3.4. Managing Users via Command-Line Tools

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When managing users via command line, the following commands are used: useradd, usermod, userdel, or passwd. The files affected include /etc/passwd which stores user accounts information and /etc/shadow, which stores secure user account information.

3.4.1. Creating Users

The useradd utility creates new users and adds them to the system. Following the short procedure below, you will create a default user account with its UID, automatically create a home directory where default user settings will be stored, /home/username/, and set the default shell to /bin/bash.
  1. Run the following command at a shell prompt as root substituting username with the name of your choice:
    useradd username
  2. By setting a password unlock the account to make it accessible. Type the password twice when the program prompts you to.

Example 3.1. Creating a User with Default Settings

~]# useradd robert
~]# passwd robert
Changing password for user robert
New password: 
Re-type new password:
passwd: all authentication tokens updated successfully.
Running the useradd robert command creates an account named robert. If you run cat /etc/passwd to view the content of the /etc/passwd file, you can learn more about the new user from the line displayed to you:
robert has been assigned a UID of 502, which reflects the rule that the default UID values from 0 to 499 are typically reserved for system accounts. GID, group ID of User Private Group, equals to UID. The home directory is set to /home/robert and login shell to /bin/bash. The letter x signals that shadow passwords are used and that the hashed password is stored in /etc/shadow.
If you want to change the basic default setup for the user while creating the account, you can choose from a list of command-line options modifying the behavior of useradd (see the useradd(8) man page for the whole list of options). As you can see from the basic syntax of the command, you can add one or more options:
useradd [option(s)] username
As a system administrator, you can use the -c option to specify, for example, the full name of the user when creating them. Use -c followed by a string, which adds a comment to the user:
useradd -c "string" username

Example 3.2. Specifying a User's Full Name when Creating a User

~]# useradd -c "Robert Smith" robert
~]# cat /etc/passwd
robert:x:502:502:Robert Smith:/home/robert:/bin/bash
A user account has been created with user name robert, sometimes called the login name, and full name Robert Smith.
If you do not want to create the default /home/username/ directory for the user account, set a different one instead of it. Execute the command below:
useradd -d home_directory

Example 3.3. Adding a User with non-default Home Directory

~]# useradd -d /home/dir_1 robert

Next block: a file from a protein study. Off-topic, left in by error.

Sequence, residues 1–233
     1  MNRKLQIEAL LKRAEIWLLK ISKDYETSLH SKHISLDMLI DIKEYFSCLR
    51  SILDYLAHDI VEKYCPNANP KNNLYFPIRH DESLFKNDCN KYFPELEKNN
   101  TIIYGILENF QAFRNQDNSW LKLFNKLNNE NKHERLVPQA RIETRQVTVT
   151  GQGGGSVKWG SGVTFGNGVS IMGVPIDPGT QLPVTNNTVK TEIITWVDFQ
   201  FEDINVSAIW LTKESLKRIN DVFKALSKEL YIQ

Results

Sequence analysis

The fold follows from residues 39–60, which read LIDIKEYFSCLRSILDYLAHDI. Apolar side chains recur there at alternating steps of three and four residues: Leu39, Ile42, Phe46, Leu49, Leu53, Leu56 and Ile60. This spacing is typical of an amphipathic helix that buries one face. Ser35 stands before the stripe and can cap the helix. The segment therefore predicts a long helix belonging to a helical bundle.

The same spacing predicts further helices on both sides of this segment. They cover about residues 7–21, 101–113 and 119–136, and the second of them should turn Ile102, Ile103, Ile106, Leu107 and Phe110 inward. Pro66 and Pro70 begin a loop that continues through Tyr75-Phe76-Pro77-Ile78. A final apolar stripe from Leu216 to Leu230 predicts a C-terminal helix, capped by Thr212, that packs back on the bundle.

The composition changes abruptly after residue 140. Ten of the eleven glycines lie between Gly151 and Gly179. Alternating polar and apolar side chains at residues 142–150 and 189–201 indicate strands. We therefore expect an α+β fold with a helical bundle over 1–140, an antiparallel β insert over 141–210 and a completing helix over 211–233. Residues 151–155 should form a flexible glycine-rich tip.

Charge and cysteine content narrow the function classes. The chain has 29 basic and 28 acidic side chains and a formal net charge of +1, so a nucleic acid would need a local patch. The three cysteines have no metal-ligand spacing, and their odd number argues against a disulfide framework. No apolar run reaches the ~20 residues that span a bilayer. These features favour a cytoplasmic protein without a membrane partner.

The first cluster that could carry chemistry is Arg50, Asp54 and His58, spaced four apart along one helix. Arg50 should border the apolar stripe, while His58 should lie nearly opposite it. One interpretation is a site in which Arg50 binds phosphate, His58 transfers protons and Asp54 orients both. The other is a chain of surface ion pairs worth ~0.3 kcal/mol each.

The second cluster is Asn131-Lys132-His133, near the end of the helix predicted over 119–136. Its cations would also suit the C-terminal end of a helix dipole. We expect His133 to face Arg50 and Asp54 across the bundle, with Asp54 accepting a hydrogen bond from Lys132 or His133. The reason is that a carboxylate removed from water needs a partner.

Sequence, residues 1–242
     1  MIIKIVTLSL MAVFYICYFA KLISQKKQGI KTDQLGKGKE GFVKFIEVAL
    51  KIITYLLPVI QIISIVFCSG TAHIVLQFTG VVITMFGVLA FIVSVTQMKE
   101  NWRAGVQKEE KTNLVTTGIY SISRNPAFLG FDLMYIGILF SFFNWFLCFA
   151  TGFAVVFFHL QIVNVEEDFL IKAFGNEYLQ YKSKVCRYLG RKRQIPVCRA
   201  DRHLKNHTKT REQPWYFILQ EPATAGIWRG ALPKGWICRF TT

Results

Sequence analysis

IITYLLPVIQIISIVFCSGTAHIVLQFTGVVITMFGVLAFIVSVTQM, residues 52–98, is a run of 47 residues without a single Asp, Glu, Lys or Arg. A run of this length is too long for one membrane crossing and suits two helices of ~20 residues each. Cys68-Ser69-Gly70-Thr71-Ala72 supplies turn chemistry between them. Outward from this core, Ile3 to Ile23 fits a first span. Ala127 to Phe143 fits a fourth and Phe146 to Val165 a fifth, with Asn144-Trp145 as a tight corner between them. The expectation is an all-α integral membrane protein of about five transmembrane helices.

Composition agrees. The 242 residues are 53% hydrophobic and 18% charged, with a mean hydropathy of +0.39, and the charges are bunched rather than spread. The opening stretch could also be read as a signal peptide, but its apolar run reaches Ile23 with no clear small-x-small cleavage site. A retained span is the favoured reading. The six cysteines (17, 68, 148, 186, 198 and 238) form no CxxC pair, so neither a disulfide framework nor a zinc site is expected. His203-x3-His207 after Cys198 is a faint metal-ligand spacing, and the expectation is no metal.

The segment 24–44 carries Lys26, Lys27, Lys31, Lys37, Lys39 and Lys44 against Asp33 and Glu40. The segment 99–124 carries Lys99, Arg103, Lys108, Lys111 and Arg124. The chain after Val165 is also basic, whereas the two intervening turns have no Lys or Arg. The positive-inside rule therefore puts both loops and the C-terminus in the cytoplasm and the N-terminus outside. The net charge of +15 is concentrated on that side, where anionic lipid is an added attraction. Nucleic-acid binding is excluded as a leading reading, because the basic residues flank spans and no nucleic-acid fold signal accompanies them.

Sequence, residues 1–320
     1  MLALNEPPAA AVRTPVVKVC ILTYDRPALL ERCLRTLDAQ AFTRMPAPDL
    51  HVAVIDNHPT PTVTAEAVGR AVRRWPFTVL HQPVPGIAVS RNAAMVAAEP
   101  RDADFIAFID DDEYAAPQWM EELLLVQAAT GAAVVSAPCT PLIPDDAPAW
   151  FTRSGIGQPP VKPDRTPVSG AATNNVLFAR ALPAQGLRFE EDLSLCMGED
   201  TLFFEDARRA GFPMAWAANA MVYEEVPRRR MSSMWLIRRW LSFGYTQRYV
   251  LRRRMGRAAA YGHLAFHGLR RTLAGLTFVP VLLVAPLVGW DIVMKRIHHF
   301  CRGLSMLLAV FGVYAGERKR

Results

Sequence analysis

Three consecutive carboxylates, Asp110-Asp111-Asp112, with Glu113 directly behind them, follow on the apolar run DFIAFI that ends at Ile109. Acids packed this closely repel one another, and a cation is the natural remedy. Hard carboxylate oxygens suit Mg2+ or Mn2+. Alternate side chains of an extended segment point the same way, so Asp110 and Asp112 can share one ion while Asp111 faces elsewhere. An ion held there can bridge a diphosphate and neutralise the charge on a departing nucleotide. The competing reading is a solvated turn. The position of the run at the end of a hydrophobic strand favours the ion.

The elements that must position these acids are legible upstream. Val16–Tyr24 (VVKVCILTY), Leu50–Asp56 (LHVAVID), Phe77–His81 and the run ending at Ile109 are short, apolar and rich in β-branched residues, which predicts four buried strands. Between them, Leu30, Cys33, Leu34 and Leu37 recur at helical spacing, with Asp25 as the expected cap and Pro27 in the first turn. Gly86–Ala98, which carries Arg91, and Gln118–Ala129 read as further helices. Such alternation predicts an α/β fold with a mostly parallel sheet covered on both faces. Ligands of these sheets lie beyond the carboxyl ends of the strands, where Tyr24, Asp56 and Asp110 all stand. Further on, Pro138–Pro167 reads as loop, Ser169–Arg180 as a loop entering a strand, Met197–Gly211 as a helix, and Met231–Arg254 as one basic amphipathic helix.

robert's home directory is now not the default /home/robert but /home/dir_1/.
If you do not want to create the home directory for the user at all, you can do so by running useradd with the -M option. However, when such a user logs into a system that has just booted and their home directory does not exist, their login directory will be the root directory. If such a user logs into a system using the su command, their login directory will be the current directory of the previous user.
useradd -M username
If you need to copy a directory content to the /home directory while creating a new user, make use of the -m and -k options together followed by the path.

Example 3.4. Creating a User while Copying Contents to the Home Directory

The following command copies the contents of a directory named /dir_1 to /home/jane, which is the default home directory of a new user jane:
~]# useradd -m -k /dir_1 jane
As a system administrator, you may need to create a temporary account. Using the useradd command, this means creating an account for a certain amount of time only and disabling it at a certain date. This is a particularly useful setting as there is no security risk resulting from forgetting to delete a certain account. For this, the -e option is used with the specified expire_date in the YYYY-MM-DD format.


Do not confuse account expiration and password expiration. Account expiration is a particular date, after which it is impossible to log in to the account in any way, as the account no longer exists. Password expiration, the maximum password age and date of password creation or last password change, is the date, when it is not possible to log in using the password (but other ways exist, such as logging in using an SSH key).
useradd -e YYYY-MM-DD username

Example 3.5. Setting the Account Expiration Date

~]# useradd -e 2015-11-05 emily
The account emily will be created now and automatically disabled on 5 November, 2015.
User's login shell defaults to /bin/bash, but can be changed by the -s option to any other shell different from bash, ksh, csh, tsh, for example.
useradd -s login_shell username

Example 3.6. Adding a User with Non-default Shell

~]# useradd -s /bin/ksh robert
This command creates the user robert which has the /bin/ksh shell.
The -r option creates a system account, which is an account for administrative use that has some, but not all, root privileges. Such accounts have a UID lower than the value of UID_MIN defined in /etc/login.defs, typically 500 and above for ordinary users.
useradd -r username

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